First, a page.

There were, however, some positives to take away. Post-race analysis has shown that our subject was, indeed, in better condition for a skating marathon than on any previous occasion. In the past, even when trained (recall that his preferred racing distances were short sprints) he would typically skate the marathon by hiding in the peloton then try to do well out of a pack sprint for the finish. Previous attempts at the marathon have revealed our subject to often have enough of a top speed advantage to get a small jump on the B-group pack, although lacking the strength to stay away, and certainly lacking the strength for a strong, persistent sprint all the way to the line. Previous starts in the A-group for our subject (and at World Championships in his younger days) have seen him dropped early in the race, often within the first 10k. On this occasion, although suffering from a poor start while acclimatising to the conditions, he was able to expend generous amounts of energy bridging gaps and clawing his way to the second B-group pack, where he was able to begin his sprint from over 1km from the line, and finish strong to nearly but not quite win the bunch sprint, surprising himself in the process.
In conclusion, despite not reaching the target time, the experiment was a success overall with our subject making significant and measurable physiological gains as an endurance athlete, despite his advanced years. With small modifications, and using the lessons learned from this experiment, we hope to apply a similar (but longer than 8 weeks) program to the ice speed skating season to see how it affects our subject’s performance in the shorter distances that he ordinarily races – 500m, 1000m, 1500m, and 5000m – all significantly shorter than the marathon.
- There were small deviations from the original training plan, and those are discussed at length later in the article ↩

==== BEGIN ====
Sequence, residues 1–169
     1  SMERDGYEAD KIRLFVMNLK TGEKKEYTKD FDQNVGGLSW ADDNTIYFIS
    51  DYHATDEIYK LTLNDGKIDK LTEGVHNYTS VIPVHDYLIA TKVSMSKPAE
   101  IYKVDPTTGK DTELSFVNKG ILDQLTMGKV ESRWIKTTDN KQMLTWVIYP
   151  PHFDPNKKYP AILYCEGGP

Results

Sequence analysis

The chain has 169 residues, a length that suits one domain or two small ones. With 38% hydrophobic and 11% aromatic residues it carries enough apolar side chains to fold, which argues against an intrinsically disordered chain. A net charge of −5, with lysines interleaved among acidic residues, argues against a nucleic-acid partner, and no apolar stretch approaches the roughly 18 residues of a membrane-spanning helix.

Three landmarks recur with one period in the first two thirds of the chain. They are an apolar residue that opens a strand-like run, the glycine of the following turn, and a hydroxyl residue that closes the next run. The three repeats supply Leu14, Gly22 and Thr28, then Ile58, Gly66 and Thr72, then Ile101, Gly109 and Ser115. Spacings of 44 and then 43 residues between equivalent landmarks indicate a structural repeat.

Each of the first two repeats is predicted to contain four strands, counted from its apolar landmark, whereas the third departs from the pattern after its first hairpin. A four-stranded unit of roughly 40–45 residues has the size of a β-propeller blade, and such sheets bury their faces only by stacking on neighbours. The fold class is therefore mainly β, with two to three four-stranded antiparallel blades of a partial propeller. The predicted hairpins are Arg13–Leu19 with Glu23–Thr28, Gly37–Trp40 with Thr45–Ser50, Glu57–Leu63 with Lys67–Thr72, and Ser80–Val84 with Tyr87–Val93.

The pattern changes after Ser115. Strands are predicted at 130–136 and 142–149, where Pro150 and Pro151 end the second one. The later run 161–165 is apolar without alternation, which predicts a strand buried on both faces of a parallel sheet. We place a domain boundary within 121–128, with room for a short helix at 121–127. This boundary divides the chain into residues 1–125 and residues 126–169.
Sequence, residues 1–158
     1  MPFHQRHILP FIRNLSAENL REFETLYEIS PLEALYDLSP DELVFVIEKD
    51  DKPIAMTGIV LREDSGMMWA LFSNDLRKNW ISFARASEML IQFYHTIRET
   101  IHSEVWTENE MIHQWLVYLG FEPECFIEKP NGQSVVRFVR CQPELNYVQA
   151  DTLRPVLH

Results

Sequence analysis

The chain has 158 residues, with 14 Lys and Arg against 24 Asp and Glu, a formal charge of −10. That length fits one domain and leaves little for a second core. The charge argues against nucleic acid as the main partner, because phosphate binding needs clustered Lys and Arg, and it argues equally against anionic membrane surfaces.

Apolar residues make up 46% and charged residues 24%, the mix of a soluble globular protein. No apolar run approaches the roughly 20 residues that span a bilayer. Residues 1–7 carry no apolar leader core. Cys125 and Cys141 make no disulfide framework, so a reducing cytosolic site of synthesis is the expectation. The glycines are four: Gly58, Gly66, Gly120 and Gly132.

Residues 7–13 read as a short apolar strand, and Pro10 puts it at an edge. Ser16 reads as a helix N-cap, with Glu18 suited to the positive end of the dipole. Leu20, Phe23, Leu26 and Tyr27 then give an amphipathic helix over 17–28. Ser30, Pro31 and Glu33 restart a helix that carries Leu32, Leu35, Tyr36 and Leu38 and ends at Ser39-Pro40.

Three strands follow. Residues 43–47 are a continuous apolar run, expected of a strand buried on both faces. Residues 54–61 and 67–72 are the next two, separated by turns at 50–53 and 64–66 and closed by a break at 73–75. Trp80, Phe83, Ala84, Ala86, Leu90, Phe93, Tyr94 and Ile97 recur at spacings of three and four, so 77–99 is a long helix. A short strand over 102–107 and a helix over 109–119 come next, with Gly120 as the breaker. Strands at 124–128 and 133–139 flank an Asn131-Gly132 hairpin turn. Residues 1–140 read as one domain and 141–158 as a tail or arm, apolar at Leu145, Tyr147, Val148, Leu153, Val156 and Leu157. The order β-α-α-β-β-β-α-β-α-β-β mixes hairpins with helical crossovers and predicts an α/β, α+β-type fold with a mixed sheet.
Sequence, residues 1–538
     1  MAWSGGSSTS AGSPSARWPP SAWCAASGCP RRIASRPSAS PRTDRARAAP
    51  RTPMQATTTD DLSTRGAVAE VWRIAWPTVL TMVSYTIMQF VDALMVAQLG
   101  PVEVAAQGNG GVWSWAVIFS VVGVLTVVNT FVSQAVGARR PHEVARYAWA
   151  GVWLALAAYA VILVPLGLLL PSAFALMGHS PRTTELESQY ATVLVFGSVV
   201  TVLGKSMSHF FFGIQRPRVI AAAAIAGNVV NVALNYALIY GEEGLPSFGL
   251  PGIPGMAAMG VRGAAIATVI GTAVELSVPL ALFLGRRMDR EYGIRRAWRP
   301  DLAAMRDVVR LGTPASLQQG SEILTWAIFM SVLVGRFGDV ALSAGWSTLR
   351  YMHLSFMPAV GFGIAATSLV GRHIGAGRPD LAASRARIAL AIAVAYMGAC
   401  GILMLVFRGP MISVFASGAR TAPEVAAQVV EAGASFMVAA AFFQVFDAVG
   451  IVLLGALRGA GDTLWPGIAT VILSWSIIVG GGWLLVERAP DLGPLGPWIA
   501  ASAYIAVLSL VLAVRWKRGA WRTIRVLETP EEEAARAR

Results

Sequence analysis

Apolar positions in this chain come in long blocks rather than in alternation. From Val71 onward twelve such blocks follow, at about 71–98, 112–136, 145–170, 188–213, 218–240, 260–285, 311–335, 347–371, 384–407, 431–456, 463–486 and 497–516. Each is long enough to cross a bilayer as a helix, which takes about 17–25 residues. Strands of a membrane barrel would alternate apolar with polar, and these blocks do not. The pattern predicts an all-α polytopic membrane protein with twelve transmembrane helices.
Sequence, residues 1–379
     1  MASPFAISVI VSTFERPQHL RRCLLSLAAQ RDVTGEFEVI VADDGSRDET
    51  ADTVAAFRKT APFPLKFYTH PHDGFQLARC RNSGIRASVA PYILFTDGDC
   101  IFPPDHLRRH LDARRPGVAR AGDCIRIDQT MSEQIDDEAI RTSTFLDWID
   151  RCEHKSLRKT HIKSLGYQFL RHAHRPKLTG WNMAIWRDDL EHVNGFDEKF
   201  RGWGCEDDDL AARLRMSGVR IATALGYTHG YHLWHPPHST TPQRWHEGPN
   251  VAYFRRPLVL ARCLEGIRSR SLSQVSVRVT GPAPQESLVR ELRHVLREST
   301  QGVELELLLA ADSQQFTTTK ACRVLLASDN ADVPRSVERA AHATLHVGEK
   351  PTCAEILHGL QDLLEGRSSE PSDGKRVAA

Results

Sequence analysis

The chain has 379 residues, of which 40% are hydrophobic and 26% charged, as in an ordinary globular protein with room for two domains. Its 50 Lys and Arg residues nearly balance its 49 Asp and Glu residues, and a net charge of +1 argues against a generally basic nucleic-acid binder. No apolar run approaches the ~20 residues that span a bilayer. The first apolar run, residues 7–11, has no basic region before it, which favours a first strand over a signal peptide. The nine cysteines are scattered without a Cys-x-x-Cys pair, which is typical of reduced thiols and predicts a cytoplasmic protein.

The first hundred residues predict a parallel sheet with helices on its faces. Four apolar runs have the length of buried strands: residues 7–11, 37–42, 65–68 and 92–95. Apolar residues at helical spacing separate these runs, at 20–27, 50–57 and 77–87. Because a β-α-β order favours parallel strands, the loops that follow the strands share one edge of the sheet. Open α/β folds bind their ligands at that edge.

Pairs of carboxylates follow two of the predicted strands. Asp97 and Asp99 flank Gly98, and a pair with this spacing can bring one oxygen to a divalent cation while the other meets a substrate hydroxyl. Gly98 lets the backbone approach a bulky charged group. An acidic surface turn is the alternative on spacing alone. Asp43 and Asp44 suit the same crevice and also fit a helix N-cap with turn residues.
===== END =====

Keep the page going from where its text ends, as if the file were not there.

- Naps weren’t extrinsic to the program like the other tasks described – they were, in many ways, a part of the training program, as will be discussed later in the article. ↩
- Polarised training follows an approximate 80-20 ratio of “easy” aerobic sessions to hard, high intensity interval sessions ↩
- VO2 Max is the maximum rate at which an athlete can metabolise oxygen in the aerobic energy system, and is an important indicator for the ability and conditioning of an endurance athlete. Elite endurance athletes typically have values in the 70s and 80s, our subject was once tested to have a VO2 Max of 45, although the test was halted prematurely due to our subject’s unusually high maximum heart rate. ↩
- The Whoop strap is actually designed to be wrist-worn, but as an optical heart rate monitor, a more consistent and accurate reading can be collected when the monitor is worn on the upper part of the arm as the skin is thinner, lighter, and there is less movement. ↩
- HRV measures the balance between the sympathetic and parasympathetic nervous system, so while it’s a good proxy for stress in general, it is a very good indicator of stress on the nervous system. ↩